With Gordon shakily back in the saddle, the big political row of the week is over the old hark-back to public spending cuts. “Cuts is a word all sides avoid like a plague, so nobody knows what the hell theyre really talking about, as columnist Matthew Parris observes. Nevertheless, David Smith of the Times manfully tries to sort out the Labour sheep from the Conservative goats. The recession may be coming slowly to an end reports Smith, and the Conservatives are planning for recovery. This is not necessarily good news for public sector dependent areas like Northern Ireland where the Tory low opinions of public sector performance augurs swingeing efficiency cuts. Do we like efficiency better than cuts and do we believe they mean no reduction in frontline spending? Like hell we do. The election of a Conservative government next year would mean an emergency budget to bring in cuts a year earlier than Labour. Its an interesting case and one that may be creating strains within Labour too. . David Camerons attack on Brown last week was blunted by Brown seizing on shadow health secretary Andrew Lansleys blurted-out admission that the Tory pledge to continue increasing the health budget would mean cuts of 10% in other budgets. In a second article ( tucked away in a box after the Mandelson piece), Smith repeats the general views that Labours assessment of the state of the public finances in reality differs little from the Tories.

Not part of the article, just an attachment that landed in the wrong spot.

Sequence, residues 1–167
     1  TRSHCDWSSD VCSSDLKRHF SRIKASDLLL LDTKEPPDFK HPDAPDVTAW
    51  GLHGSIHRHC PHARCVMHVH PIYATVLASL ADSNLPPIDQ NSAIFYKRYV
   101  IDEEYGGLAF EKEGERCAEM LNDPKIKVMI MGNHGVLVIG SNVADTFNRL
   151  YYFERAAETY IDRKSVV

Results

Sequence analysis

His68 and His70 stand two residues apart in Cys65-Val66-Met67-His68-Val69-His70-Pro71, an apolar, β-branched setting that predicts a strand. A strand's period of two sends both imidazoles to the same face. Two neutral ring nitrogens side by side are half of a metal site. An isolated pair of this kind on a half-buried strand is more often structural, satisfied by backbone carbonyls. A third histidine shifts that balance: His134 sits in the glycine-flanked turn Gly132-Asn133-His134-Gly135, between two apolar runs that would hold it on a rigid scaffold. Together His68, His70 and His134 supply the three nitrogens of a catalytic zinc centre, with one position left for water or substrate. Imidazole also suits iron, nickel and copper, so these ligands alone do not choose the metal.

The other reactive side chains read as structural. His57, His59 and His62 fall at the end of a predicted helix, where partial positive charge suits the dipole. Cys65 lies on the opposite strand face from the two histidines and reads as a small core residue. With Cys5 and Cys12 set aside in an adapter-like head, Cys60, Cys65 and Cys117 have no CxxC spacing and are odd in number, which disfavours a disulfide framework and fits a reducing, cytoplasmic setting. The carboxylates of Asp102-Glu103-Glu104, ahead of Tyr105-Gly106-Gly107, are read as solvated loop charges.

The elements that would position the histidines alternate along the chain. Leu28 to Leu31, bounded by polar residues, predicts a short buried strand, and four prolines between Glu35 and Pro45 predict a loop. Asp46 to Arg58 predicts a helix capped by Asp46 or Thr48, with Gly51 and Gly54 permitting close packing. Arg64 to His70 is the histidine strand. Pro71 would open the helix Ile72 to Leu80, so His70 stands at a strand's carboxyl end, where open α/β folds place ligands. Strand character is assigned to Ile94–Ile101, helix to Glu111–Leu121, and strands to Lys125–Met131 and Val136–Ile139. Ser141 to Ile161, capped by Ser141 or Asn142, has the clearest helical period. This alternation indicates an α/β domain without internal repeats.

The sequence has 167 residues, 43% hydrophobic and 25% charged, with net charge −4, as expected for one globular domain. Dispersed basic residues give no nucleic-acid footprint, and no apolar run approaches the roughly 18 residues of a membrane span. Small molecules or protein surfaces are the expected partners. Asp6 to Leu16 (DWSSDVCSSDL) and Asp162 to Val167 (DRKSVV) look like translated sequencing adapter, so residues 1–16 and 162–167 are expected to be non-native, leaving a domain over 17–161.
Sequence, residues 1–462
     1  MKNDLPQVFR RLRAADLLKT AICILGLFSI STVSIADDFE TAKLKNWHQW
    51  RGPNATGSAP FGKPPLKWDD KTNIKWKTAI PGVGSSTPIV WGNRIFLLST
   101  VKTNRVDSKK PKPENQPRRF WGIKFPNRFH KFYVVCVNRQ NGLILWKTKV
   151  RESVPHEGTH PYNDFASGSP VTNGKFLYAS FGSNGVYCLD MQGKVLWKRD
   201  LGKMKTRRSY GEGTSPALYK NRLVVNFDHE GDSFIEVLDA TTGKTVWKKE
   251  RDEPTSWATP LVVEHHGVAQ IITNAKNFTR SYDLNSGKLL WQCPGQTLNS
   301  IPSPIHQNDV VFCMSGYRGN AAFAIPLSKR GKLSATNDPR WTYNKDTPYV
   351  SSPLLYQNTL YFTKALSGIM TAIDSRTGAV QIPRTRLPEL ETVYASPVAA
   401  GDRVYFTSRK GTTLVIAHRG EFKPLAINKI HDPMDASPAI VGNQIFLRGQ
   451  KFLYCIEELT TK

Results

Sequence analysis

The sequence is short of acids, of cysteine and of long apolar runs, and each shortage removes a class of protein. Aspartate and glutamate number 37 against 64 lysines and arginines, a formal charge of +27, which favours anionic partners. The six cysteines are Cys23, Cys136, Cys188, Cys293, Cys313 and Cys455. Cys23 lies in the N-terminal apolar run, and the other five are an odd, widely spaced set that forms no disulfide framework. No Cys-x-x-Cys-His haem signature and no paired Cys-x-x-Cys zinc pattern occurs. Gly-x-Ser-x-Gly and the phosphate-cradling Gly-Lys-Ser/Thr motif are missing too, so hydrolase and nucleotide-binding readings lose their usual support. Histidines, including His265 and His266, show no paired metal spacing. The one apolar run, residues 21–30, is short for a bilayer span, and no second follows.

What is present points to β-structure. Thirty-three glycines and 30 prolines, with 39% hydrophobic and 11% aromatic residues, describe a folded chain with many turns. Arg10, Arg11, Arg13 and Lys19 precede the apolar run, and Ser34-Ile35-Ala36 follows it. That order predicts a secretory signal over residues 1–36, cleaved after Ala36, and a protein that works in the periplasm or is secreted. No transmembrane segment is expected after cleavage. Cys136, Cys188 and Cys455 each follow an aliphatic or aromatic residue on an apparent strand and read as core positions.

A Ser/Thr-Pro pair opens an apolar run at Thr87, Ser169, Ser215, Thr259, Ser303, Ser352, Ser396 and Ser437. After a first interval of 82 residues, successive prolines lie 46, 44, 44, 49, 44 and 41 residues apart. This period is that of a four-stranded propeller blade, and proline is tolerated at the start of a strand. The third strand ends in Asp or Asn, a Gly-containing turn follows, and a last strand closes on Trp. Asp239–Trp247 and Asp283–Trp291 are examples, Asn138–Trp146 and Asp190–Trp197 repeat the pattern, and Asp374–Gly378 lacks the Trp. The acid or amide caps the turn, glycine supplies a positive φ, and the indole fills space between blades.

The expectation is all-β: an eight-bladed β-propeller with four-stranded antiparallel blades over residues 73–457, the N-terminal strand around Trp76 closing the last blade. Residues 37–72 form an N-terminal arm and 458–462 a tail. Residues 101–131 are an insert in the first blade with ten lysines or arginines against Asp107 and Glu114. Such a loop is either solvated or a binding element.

But a real choice exists between the two parties. Both parties will cut spending, but the Tories will seek bigger reductions, partly through efficiency savings. Labour might deliver slightly smaller spending cuts but will, instead, have to put taxes up more. It is a choice, although not necessarily an appealing one.